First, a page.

Connecting the region’s trail networks a key aspect of ARC’s new bike/ped plan

By David Pendered

Metro Atlanta leaders have voted to continue the region’s tradition of dreaming big when it comes to civic improvements. This time, the plan is a comprehensive approach to make it safer to walk and ride bicycles.

Transit, trail gaps

The ARC’s new bike/ped plan calls for creating a regional trail network. About 152 miles of trails exist, and about 70 miles of gaps separate the trails. Credit: ARC

The board that oversees the Atlanta Regional Commission on Wednesday approved the “Walk. Bike. Thrive!” plan to improve bike/pedestrian options. The approved plan is the result of a year-long study that updates the ARC’s 2007 bike/pedestrian plan.

Of six newly approved objectives, one of the more sweeping proposals is a stated desire to link the major trail initiatives that are being developed throughout the region.

These trails are being built by a number of separate entities. Advocates typically note that their particular trail is near another major trail and the two eventually will connect together. But, typically, trail development hasn’t reached the point where it’s necessary to begin planning for how the trails will actually connect.

This plan aims to address both existing gaps and that last-segment connectivity. Once this work is complete, the region is to have about 225 miles of linked trails.

Here’s how ARC’s overview of the new plan characterizes the regional trail network:

  • “On a larger scale, ARC and its regional partners will focus on building a connected regional trail network that would link the Silver Comet Trail, Big Creek Greenway, Arabia Mountain Path, Atlanta BeltLine, and others. We’re closer than you think to having one of the most comprehensive trail networks in the nation.”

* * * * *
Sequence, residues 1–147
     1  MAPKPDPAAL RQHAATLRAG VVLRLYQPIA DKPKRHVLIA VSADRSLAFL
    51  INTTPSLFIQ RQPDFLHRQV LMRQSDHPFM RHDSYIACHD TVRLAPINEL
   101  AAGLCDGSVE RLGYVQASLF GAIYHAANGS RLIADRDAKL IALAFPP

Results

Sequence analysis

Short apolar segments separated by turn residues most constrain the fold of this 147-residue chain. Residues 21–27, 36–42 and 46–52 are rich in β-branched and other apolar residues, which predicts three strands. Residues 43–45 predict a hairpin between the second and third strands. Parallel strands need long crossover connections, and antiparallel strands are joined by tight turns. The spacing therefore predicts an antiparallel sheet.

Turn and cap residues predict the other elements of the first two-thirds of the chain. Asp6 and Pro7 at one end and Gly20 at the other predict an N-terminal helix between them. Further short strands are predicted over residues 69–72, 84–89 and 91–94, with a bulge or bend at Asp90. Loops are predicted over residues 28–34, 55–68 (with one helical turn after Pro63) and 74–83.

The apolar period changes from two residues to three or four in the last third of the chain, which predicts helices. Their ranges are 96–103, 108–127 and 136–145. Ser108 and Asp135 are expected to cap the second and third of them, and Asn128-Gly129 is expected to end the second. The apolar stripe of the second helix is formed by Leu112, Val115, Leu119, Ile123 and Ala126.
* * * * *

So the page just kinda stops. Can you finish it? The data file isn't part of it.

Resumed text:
Stone Mountain Trail

The Stone Mountain Trail stretches from Downtown Atlanta to Stone Mountain Park, linking neighborhoods and several cities along the way. Credit: ARC

ARC duly noted that these networks have been developed over many years through the efforts of local organizers. The draft version of the “Assessment of Regional Traffic Patterns and Existing Conditions” observes:

  • “In the last few decades communities across the Atlanta region have built trail segments that have driven new private development and provided safe and accessible places for people of all ages and ability to be more physically active and socialize. Linked together these segments can become a regional trail network.”

The regional trail network and the remaining five goals are to be funded by ARC’s long-range mobility plan, titled “Atlanta Region’s Plan.” The plan was adopted in 2015 and extends through 2040.

The plan provides the bike/ped plan with more than $1 billion in anticipated federal, state and local funding. The price tag of the entire mobility plan is $85 billion.

Transit modes, bike, walk, bus

College Park ranks first in the region for the proportion of residents who combine transit, walking and biking to make their commutes. Atlanta ranks eighth in the region. Credit: ARC

“Metro Atlanta residents, from Millennials to Baby Boomers, want more opportunities to travel without hopping in a car,” Mike Alexander, director of ARC’s Center for Livable Communities, said in a statement. “This plan provides a roadmap to help our region meet this demand and create healthier, more livable communities.”